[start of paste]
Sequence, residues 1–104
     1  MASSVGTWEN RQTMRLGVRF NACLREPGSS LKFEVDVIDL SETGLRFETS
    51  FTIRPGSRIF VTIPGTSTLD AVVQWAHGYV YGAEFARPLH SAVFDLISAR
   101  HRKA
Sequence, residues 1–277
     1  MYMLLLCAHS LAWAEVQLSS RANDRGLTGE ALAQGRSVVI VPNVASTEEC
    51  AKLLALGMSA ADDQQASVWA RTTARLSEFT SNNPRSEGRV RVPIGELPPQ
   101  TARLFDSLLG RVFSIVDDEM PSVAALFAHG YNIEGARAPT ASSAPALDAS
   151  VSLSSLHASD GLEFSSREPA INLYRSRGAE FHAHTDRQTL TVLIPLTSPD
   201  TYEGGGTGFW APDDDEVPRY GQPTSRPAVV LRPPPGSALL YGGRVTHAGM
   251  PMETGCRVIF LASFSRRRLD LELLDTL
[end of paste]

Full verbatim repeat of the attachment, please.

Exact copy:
Sequence, residues 1–104
     1  MASSVGTWEN RQTMRLGVRF NACLREPGSS LKFEVDVIDL SETGLRFETS
    51  FTIRPGSRIF VTIPGTSTLD AVVQWAHGYV YGAEFARPLH SAVFDLISAR
   101  HRKA
Sequence, residues 1–277
     1  MYMLLLCAHS LAWAEVQLSS RANDRGLTGE ALAQGRSVVI VPNVASTEEC
    51  AKLLALGMSA ADDQQASVWA RTTARLSEFT SNNPRSEGRV RVPIGELPPQ
   101  TARLFDSLLG RVFSIVDDEM PSVAALFAHG YNIEGARAPT ASSAPALDAS
   151  VSLSSLHASD GLEFSSREPA INLYRSRGAE FHAHTDRQTL TVLIPLTSPD
   201  TYEGGGTGFW APDDDEVPRY GQPTSRPAVV LRPPPGSALL YGGRVTHAGM
   251  PMETGCRVIF LASFSRRRLD LELLDTL